God is present in every time and place. To acknowledge this with our minds is one thing; to experience it with our hearts is quite another. A spiritual director can help us strengthen our awareness of the Holy and discern the movement of the Spirit in our lives.
I am a spiritual director. I also have a spiritual director. This ancient discipline is practised both within and outside the Christian church. While spiritual directors are not licensed, they have completed considerable training, especially in the art of deep listening.
My director listens to me, without interruption, without judgment, without unsolicited advice. My director, gifted with the economy of words and the ability to challenge me with carefully chosen questions, makes space for the Spirit to move in our presence. I experience the presence of the Holy.
Direction provides me with spiritual practices. Early in the morning, I sit in silence — breathing gently, enjoying the rhythm of my breath. I review the incidents of the previous day. I recall a variety of interactions. The wordless exchange of smiles with a stranger is just as remarkable as the lengthy encounter with a beloved member of my faith community. I am able to give thanks for the presence of the Spirit in these moments. And further, I give thanks for my awareness of this presence.
I move from a sacred time of sitting to a time of movement, embodied prayer. I walk in the park, alone, where I can rejoice in God’s creation. As I tread on the uneven grass-covered earth, I become connected with the Ground of Being. I walk with mindfulness, engaging all senses. I watch, listen, smell and touch. I am sensitive to the gifts each season has to offer. Whatever the month, I never cease to be in awe of the flash of ruby red that is a cardinal in flight.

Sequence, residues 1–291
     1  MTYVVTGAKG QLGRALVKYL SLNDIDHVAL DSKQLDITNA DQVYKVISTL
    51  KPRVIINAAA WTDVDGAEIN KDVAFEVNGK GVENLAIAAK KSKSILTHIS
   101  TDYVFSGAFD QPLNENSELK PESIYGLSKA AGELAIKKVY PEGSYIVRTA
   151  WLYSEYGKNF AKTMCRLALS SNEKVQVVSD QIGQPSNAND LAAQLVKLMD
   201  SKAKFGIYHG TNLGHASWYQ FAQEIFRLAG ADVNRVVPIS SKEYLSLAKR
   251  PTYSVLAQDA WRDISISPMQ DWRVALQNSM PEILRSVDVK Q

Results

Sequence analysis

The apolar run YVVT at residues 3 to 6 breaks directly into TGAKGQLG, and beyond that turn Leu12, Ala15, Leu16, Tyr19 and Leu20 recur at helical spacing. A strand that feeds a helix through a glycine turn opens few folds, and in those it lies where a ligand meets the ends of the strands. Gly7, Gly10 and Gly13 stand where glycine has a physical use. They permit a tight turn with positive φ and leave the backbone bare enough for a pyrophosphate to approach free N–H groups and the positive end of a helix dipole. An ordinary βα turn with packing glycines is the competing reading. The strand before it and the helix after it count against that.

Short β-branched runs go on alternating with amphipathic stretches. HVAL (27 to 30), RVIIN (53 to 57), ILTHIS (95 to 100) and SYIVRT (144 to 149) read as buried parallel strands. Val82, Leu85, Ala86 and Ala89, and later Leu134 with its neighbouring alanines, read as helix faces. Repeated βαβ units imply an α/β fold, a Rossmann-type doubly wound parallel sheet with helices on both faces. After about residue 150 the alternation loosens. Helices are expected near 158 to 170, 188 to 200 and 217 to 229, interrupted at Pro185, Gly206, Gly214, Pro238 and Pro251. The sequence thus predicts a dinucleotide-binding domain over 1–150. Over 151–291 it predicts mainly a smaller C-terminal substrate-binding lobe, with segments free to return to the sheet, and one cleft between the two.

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Spiritual direction leads to self-knowledge. I gain an understanding of myself as a flawed and broken yet truly beloved creature. I grow in the process of unveiling my authentic self. I learn to be loyal to this self, and nurture my ability to perceive myself the way God perceives me.
As I hunger for deep listening, for meaningful spiritual practice and for self-knowledge, I embrace the necessary beauty of silence. John of the Cross, the 16th-century mystic, said, “Silence is the first language of God.” It is a language that I have learned to embrace at frequent intervals throughout my busy day.
A life lived attuned to the Spirit’s direction is not easy, nor is it meant to be. It strips us down to our spiritual bones, drawing us into the Holy Mystery. And it’s that for which I yearn.
Rev. Ann Corbet is a United Church minister and spiritual director living in London, Ont. This piece first appeared in Broadview’s April/May 2022 issue with the title “Sacred practice.”
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